My most recent article has now been published. Unfortunately, MIA's policy is set to change to allow online access as of the next issue. For now, here's the post-print:
As virtual communities become more central to the everyday activities of connected individuals, we face increasingly pressing questions about the proper allocation of power, rights, and responsibilities. This paper argues that our current legal discourse is ill-equipped to provide answers that will safeguard the legitimate interests of participants and simultaneously refrain from limiting the future innovative development of these spaces. From social networking sites like Facebook to virtual worlds like World of Warcraft and Second Life, participants who are banned from these communities stand to lose their virtual property, their connections to their friends and family, and their personal expression.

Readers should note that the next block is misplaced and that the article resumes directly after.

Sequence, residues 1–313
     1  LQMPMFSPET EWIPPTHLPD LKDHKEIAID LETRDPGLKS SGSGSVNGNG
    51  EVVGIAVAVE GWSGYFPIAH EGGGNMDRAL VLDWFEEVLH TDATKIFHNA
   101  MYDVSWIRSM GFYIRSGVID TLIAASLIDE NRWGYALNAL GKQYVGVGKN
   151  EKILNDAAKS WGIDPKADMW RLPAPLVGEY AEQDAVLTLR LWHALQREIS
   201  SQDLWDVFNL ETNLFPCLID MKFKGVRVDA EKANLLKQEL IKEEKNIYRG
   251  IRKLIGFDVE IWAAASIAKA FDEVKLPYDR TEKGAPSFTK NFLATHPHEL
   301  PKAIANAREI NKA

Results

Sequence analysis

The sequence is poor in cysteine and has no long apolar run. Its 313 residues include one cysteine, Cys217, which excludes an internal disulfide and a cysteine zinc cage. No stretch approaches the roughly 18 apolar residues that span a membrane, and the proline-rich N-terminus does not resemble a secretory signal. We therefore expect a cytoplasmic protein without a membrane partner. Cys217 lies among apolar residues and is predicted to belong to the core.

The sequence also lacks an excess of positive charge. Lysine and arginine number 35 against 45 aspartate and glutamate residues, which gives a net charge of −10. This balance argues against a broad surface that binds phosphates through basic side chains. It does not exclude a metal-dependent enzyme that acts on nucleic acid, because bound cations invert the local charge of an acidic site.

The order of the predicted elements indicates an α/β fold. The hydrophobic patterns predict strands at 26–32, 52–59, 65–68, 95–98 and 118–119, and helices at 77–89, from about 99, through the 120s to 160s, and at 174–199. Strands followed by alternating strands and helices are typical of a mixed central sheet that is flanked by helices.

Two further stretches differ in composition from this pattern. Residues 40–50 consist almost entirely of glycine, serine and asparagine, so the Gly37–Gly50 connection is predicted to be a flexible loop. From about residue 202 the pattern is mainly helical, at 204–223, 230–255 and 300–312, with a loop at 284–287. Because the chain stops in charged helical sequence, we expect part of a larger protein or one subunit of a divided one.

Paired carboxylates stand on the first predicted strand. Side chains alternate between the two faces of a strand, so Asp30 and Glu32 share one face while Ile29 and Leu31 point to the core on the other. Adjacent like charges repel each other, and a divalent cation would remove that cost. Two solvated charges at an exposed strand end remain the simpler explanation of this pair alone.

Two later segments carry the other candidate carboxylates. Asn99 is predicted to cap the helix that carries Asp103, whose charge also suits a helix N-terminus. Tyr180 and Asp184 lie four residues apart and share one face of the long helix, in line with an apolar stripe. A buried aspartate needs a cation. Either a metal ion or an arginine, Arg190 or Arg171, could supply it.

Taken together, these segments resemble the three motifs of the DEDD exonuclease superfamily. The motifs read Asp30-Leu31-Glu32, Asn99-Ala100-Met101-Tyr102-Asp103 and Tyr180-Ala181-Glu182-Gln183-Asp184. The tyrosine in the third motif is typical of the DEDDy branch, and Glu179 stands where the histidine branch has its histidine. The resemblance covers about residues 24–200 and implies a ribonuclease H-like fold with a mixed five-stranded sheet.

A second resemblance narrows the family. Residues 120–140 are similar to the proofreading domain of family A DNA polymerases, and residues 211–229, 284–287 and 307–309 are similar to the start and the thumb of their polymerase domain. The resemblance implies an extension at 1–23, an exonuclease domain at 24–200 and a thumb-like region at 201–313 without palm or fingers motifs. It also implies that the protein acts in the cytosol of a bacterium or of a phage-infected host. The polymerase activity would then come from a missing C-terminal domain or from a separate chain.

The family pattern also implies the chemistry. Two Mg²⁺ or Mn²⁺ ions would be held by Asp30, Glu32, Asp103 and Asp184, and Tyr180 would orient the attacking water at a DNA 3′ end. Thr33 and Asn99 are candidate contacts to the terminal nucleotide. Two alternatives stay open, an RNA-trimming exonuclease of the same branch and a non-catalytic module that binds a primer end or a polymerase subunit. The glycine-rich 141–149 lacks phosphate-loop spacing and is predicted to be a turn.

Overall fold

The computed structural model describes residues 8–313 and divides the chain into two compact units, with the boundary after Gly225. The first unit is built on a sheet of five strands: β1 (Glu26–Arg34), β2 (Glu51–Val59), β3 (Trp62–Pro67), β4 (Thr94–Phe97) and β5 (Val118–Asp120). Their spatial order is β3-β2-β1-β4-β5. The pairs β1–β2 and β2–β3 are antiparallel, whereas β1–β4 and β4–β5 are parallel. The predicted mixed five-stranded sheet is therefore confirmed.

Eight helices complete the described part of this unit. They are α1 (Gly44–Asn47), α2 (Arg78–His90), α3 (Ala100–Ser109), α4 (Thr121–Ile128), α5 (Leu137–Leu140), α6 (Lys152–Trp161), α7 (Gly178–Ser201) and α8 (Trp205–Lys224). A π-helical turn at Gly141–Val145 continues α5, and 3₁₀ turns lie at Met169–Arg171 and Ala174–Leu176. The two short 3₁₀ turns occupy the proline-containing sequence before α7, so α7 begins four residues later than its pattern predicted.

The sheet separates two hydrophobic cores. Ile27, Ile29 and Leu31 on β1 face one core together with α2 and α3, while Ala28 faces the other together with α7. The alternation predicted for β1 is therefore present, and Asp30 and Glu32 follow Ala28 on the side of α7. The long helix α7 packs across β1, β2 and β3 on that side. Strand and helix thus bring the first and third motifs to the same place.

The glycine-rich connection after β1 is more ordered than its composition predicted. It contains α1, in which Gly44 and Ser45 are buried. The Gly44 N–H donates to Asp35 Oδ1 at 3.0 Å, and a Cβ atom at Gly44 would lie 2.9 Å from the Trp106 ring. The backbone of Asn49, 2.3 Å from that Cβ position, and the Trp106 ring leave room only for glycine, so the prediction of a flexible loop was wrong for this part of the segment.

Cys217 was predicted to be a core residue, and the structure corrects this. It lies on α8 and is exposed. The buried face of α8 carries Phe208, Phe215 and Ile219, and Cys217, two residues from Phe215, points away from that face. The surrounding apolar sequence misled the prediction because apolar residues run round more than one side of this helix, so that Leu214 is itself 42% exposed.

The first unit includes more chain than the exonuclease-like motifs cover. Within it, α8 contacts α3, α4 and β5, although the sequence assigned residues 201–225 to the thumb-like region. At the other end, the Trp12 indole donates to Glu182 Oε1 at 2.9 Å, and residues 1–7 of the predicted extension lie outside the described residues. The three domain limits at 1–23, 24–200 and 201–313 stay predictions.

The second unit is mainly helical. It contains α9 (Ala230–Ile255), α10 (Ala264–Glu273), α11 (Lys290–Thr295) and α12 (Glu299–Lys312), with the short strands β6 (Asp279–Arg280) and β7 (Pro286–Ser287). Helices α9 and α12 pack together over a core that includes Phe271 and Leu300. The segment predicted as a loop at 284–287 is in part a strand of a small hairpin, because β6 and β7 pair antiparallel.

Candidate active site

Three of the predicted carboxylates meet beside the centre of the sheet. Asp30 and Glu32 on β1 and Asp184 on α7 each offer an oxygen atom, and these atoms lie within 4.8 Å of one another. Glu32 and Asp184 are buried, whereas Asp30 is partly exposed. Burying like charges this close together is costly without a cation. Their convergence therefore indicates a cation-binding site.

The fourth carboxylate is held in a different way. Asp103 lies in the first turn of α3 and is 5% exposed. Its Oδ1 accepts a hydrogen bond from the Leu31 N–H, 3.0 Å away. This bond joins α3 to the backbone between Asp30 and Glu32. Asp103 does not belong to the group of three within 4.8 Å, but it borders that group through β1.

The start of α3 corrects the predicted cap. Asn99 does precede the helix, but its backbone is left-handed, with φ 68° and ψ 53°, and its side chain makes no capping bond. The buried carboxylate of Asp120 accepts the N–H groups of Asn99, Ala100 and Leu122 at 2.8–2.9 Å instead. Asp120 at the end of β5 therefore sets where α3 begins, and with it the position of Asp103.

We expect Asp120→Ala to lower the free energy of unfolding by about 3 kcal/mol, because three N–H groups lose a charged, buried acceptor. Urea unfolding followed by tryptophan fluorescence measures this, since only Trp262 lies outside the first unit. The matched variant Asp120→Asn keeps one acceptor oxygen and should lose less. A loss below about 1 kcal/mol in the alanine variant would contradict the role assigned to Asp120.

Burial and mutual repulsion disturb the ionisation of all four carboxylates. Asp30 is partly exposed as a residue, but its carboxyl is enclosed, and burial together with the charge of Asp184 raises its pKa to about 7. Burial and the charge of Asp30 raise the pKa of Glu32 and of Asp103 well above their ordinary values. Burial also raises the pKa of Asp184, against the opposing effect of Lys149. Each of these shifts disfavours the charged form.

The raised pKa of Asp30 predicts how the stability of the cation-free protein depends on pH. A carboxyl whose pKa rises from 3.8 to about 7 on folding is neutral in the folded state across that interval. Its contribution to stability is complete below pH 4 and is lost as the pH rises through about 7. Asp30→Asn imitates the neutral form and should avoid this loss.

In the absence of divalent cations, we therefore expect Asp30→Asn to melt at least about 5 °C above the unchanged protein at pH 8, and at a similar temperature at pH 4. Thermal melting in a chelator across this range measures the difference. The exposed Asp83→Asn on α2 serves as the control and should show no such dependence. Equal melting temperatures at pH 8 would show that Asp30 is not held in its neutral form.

Because our legal system views the proprietor's interests as absolute private property rights, however, participants who are arbitrarily, capriciously, or maliciously ejected have little recourse under law. This paper argues that rather than assuming that a private property and freedom of contract model will provide the most desirable outcomes, a more critical approach is warranted. By rejecting the false dichotomy between 'public' and 'private' spaces and recognising some of the absolutist and necessitarian trends in the current property debate, we may be able to craft legal rules that respect the social bonds between participants whilst simultaneously protecting the interests of developers.